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As the SM of a small Troop, I sometimes get discouraged. Too much work, not enough hands. My grass is always too tall, my oil needs to be changed, my wife is unhappy, my weekends spoken for far into the future. In the Troop, it sometimes seems that for every step forward, we take two back. I know we're getting better and making the right moves, but once in a while, the funk gets the upper hand.


Here's a world-class funk-cutter.


A week ago Sunday an F-5 tornado ripped through a town named La Plata, about 5 miles from here, in Southern Maryland. Few lives were lost, but the level of destruction was overwhelming. Hundreds of homes and businesses were destroyed. Words are inadequate to describe the devastation. This isn't Kansas, for Pete's sake - this is home!


With schools closed, one of our Scouts called the Troop, and then the authorities, to see if we could help. (The boy behind this effort was my son - hear the buttons popping?:)) After delays caused by safety concerns and such, we got our chance. The boys, a couple of parents, a few chainsaws and a big boxful of good intentions headed down this last weekend.


The scene was that of a war zone. The neighborhood we went to had been devastated, with pieces of shattered houses, homes, lives, in huge piles along the street. Kids toys smashed. An untouched house here, and next door a lot with only a heap of rubble. The grass gone in many places, blown away. Towering trees broken and tossed like straws. And on and on and on. It was a scene to put a lump in the throat and unshed tears in the eye, not all of them belonging to young Scouts.


Assigned to tree and brush clearing, the Troop began to work. Among hundreds of other volunteers, the boys dragged and hauled and rolled and cleared and piled the debris. We moved from house to house, doing what we could to help. The sounds of heavy equipment and the chainsaws the adults were using never stopped. Working with the boys on the hauling crew, I saw our rest breaks grow more frequent as the day wore on. It was hot and dusty and hard.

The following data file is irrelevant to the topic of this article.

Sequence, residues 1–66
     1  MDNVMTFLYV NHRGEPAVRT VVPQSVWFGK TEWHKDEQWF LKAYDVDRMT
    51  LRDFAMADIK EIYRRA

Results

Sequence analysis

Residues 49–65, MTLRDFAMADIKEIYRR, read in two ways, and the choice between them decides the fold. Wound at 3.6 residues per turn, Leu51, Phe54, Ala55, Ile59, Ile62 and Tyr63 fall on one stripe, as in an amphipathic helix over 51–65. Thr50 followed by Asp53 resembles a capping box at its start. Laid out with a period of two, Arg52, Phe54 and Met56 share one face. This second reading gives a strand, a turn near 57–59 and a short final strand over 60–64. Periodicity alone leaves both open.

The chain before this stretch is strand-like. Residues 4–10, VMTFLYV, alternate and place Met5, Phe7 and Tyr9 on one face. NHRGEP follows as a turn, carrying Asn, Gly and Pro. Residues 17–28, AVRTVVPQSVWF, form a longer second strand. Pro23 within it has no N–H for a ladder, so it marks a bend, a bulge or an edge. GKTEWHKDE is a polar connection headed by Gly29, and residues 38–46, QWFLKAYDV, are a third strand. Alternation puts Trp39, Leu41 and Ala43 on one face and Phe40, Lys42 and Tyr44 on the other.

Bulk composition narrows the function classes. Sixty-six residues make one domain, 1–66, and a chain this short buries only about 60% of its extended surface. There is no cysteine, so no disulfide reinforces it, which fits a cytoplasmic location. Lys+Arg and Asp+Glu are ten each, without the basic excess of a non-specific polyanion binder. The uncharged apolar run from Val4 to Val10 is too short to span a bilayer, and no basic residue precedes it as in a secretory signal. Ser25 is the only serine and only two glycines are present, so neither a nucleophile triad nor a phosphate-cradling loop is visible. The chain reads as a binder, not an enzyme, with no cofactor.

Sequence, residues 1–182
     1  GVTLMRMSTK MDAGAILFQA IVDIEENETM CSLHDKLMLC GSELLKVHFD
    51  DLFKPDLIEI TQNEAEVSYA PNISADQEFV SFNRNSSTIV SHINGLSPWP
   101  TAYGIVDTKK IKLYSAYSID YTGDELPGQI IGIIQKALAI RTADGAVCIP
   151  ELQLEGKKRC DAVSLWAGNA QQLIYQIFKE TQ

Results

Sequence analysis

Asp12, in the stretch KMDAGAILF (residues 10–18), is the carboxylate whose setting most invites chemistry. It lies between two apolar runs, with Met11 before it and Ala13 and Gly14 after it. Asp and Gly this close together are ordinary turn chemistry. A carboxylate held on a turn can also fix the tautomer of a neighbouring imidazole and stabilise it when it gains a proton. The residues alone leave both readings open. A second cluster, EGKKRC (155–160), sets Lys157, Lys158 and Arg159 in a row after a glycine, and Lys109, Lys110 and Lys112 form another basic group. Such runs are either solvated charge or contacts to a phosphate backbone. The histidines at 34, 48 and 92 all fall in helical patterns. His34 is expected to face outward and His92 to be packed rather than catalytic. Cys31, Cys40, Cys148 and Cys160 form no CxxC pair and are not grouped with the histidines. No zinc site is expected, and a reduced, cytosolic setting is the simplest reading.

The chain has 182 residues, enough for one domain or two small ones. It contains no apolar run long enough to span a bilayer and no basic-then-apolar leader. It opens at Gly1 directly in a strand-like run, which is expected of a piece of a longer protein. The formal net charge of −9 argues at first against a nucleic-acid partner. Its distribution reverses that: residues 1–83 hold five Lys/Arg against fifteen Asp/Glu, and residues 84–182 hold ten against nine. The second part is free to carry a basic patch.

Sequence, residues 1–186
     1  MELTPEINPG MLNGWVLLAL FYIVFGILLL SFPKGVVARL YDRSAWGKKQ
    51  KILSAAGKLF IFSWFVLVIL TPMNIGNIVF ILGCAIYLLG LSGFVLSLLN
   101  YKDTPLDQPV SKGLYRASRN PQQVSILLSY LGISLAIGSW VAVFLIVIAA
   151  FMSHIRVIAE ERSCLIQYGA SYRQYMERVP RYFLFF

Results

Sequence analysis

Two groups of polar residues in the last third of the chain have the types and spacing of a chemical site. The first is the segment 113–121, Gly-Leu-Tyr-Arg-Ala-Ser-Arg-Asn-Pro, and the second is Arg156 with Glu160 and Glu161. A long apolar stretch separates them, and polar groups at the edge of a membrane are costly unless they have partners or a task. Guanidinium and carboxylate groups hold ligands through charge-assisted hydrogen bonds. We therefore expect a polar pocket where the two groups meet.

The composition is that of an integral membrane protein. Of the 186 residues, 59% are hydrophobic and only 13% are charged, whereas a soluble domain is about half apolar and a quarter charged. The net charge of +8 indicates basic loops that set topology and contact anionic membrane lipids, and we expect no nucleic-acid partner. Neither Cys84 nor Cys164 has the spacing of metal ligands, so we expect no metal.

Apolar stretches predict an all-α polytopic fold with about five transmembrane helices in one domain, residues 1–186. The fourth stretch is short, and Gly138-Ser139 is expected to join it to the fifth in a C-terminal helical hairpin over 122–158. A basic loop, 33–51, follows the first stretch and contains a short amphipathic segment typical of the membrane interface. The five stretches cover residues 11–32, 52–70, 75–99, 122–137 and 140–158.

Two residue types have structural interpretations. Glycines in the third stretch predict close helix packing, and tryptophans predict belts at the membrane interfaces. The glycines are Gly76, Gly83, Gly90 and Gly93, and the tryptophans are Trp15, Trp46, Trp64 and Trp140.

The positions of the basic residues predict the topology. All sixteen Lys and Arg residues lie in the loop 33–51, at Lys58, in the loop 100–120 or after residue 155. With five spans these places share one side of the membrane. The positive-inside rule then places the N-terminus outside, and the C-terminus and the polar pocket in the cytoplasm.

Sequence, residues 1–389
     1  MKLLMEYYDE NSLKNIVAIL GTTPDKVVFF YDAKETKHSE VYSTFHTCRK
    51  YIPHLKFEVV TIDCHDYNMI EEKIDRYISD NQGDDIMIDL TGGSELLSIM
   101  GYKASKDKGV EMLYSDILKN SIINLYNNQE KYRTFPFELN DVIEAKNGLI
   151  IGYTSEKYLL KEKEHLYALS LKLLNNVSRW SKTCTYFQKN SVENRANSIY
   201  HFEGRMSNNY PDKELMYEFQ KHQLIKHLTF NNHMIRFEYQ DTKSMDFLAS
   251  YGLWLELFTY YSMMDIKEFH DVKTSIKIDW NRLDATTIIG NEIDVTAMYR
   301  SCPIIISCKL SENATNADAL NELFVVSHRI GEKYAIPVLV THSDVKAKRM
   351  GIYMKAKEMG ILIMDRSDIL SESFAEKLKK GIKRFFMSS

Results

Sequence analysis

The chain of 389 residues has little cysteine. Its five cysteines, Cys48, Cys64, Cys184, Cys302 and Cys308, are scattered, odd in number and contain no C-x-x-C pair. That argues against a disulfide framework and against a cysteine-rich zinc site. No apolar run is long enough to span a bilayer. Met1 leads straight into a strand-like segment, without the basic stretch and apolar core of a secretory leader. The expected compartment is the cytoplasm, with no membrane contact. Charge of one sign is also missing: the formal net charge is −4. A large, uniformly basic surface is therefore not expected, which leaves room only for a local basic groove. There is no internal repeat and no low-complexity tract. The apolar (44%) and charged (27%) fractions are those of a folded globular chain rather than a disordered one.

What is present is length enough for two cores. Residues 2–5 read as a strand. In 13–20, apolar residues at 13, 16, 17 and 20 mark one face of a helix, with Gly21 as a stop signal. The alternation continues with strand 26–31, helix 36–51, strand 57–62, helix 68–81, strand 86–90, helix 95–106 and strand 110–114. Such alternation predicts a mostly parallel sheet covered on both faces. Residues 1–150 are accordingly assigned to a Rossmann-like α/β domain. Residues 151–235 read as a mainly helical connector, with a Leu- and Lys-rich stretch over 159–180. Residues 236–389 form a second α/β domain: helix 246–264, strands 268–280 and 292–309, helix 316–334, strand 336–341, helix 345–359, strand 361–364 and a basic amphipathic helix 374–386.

The volunteer effort was scheduled to end at 6 PM that evening. At the last house, work not finished, we sat in the driveway resting before packing up. The lady of the house came over and, sitting with us for a moment, thanked the boys for all their hard work. It was clear that our efforts meant an awful lot to her. As she finished, the PL of our younger boys, weighing maybe 90 pounds, sweaty, dirty, tired, wearing the scratches from the mountain of brush he had hauled that day, spoke. He said he was sorry we hadn't finished for her, and that he and his patrol would stay, if it was allowed. When I said we had to leave, he turned his back on me and said to the lady, "We'll come back. We'll come back for as long as you guys need us. That's what we do."




When my grass gets too tall, and my work is piling up, and the boys are bucking the system, I'm gonna think back to last Saturday, to the spirit of those boys, to the PL's words. I'm sure this scene has played itself out hundreds of times in hundreds of towns, but this one is all mine. And I'm gonna hang onto it forever.



Waldorf, MD












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Ed, thanks for supplying the link to Scouting Way.

They are always looking for stories. You can sign up for their email list and get them emailed to you automatically. They also list the names of Boys who have recieved their Eagle Award and Girls who have received their Gold Award.


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